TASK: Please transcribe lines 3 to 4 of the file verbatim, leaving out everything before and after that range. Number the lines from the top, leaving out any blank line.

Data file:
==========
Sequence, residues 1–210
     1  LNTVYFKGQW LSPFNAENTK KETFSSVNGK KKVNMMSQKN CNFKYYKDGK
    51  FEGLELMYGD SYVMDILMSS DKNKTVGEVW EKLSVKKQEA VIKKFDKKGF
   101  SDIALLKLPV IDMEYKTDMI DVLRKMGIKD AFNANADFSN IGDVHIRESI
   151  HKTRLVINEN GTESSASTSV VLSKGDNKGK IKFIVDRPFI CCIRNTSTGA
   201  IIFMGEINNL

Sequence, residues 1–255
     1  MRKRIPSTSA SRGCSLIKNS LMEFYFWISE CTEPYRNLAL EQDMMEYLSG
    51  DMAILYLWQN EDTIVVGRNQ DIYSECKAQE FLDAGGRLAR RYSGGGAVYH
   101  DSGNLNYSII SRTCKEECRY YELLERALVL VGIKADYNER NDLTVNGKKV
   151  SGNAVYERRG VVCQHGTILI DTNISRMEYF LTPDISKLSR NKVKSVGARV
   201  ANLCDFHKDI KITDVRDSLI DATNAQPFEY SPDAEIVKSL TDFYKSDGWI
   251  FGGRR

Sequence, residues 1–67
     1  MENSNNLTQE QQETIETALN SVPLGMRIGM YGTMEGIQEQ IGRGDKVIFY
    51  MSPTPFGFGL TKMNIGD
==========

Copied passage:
    51  FEGLELMYGD SYVMDILMSS DKNKTVGEVW EKLSVKKQEA VIKKFDKKGF
   101  SDIALLKLPV IDMEYKTDMI DVLRKMGIKD AFNANADFSN IGDVHIRESI